The course is run by Lora Aroyo, Anca Dumitrache, Benjamin Timmermans and Oana Inel from the VU, and Robert-Jan Sips and Zoltan Szlavik from IBM. In the course the students were challenged by Amsterdam Marketing to solve the issue of the increasing overcrowdedness of tourists in the city center of Amsterdam. The city is culturally rich with many places to visit, yet most visitors cluster around a limited set of popular locations. The students came up with ideas to motivate visitors to spread in the city and provide them with relevant information for their visit.
Today I gave a talk in our Weekly AI meeting on the topic of ControCurator. This is a project that I am currently working on, which has the goal to enable the discovery and understanding of controversial issues and events by combining human-machine active learning workflows.
In the talk I explained the issue of defining the space of a controversy, and how this relates to for instance wicked problems. You can see the slides below.
Brainstem tumors are a rare form of childhood cancer for which there is currently no cure. The Semmy Foundation aims to increase the survival of children with this type of cancer by supporting scientific research. The Center for Advanced Studies at IBM Netherlands is supporting this research by developing a cognitive system that allows doctors and researchers to quicker analyse MRI-scans and better detect anomalies in the brainstem.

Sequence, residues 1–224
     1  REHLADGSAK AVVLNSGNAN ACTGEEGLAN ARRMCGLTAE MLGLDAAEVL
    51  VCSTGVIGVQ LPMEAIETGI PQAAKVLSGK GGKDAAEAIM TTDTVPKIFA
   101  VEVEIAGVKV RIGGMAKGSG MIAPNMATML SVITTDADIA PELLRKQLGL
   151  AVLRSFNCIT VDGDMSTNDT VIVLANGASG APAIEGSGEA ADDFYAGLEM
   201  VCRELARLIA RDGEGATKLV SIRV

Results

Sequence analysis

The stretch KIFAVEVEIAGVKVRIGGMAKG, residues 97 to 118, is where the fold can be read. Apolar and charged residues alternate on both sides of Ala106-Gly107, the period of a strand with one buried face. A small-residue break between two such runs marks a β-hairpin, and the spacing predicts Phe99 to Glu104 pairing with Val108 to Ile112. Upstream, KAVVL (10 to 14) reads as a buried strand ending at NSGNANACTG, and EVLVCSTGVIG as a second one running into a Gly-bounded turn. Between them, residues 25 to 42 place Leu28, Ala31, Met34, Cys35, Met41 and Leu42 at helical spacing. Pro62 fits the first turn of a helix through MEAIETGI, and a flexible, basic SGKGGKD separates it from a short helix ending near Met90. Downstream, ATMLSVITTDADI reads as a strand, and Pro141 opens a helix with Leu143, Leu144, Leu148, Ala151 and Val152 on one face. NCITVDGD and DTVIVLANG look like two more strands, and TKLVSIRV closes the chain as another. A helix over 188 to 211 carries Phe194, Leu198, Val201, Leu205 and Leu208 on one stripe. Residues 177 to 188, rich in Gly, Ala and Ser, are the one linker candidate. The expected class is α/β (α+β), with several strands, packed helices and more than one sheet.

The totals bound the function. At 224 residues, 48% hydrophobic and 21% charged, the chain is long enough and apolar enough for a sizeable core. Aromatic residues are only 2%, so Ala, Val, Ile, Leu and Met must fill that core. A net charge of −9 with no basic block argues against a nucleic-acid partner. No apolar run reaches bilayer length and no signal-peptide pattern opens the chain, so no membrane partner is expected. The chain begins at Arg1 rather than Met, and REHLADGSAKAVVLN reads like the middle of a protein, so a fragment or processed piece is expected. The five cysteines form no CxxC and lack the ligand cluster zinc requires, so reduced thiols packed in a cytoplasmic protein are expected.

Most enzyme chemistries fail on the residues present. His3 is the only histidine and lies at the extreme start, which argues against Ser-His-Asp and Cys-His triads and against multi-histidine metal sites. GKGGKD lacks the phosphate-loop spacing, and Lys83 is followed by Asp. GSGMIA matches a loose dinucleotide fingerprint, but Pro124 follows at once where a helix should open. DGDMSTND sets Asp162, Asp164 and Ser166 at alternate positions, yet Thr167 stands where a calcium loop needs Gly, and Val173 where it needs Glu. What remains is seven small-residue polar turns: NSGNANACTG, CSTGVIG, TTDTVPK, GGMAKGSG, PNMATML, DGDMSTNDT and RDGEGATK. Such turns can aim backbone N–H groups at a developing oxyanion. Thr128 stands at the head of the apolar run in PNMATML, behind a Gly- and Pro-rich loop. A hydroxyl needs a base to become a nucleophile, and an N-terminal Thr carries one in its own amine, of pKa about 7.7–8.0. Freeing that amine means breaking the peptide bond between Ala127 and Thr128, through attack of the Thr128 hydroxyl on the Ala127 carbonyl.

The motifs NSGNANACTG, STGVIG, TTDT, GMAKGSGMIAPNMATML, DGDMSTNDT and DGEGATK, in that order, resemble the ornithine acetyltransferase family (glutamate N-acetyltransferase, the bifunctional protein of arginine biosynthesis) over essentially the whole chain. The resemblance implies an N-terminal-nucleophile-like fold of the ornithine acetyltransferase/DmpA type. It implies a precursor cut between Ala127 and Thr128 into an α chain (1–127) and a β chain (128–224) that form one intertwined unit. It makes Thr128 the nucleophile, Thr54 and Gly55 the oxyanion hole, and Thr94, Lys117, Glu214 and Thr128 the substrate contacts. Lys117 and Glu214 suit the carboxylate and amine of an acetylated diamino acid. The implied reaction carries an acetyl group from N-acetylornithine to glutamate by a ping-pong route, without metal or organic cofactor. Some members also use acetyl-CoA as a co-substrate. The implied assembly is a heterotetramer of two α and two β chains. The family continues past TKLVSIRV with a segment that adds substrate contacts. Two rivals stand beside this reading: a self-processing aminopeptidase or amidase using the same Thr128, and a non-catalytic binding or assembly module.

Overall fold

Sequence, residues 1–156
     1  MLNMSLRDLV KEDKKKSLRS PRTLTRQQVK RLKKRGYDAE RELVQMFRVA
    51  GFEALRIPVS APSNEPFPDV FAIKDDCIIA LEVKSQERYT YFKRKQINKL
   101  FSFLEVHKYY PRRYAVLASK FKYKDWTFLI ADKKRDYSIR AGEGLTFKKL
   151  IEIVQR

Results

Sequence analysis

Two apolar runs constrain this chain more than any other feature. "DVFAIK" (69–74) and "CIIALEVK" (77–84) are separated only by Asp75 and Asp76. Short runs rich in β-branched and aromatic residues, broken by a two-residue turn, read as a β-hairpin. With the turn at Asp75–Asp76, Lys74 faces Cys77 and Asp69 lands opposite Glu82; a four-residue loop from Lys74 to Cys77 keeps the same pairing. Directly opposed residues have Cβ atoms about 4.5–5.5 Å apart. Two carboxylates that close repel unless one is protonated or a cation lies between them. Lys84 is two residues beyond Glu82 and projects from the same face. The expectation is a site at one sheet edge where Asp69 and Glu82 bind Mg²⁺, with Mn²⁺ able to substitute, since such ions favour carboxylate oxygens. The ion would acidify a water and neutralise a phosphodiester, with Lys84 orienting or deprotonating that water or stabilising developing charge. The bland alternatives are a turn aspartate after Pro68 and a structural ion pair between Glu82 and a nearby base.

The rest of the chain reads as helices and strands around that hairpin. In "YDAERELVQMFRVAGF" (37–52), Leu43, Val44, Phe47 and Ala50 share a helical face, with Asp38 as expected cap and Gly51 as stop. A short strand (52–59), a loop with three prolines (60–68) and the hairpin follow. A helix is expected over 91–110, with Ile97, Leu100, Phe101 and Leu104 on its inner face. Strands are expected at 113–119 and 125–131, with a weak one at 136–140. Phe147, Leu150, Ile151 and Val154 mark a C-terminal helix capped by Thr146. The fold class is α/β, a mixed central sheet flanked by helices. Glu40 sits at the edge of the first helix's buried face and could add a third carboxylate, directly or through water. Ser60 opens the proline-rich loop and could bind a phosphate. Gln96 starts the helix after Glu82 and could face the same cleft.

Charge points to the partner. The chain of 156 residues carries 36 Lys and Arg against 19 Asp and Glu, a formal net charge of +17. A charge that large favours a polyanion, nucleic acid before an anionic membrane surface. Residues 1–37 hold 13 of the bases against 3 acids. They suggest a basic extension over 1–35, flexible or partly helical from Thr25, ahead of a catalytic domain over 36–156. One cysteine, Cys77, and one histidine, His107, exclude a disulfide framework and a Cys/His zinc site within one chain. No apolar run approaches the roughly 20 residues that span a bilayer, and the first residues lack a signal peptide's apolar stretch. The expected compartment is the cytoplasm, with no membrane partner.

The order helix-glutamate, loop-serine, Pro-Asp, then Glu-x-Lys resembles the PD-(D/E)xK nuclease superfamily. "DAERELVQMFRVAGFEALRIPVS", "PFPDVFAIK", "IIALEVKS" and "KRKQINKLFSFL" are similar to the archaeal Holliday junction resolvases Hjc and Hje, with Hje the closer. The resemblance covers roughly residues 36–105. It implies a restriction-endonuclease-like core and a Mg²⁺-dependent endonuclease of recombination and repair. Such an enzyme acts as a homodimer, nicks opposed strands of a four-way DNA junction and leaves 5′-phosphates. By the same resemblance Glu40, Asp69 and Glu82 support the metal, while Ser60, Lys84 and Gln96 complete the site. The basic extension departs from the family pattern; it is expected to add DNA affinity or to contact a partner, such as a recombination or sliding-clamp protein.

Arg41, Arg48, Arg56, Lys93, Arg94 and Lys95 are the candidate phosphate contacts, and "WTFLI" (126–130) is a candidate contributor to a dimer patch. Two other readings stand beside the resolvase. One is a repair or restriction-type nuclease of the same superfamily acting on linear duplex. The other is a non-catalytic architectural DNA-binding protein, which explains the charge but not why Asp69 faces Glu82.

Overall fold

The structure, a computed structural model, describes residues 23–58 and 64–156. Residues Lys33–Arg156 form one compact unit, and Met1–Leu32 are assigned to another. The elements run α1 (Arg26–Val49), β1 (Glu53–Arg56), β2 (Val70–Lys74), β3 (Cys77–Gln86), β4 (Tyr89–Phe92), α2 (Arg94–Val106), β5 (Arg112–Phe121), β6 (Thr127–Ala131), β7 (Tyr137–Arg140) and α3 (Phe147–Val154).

In order to gather training data, a crowdsourcing event was held at the festival Lowlands, which is a 3-day music festival that took place from 19-21 August 2016 and welcomed 55k visitors. At the science fair, IBM had a booth that hosted both this research and showcase of the Weather stations of the Tahmo project with TU Delft.
In the crowdsourcing task, the participants were asked to draw the shape of the brainstem and tumor in an MRI scan. Gathering data on whether a particular layer of a scan contains the brainstem and determining its size should allow a classifier to recognize the tumors. Furthermore, the annotator quality can be measured with the CrowdTruth methodology by analysing the precision of the edges that were drawn in relation to their alcohol and drug use that we collected. The hypothesis is that people under influence can still make valuable contributions, but that these are of lower quality than sober people. This may make the reliability of online crowd workers more clear, because it is unknown under what conditions they make their annotations.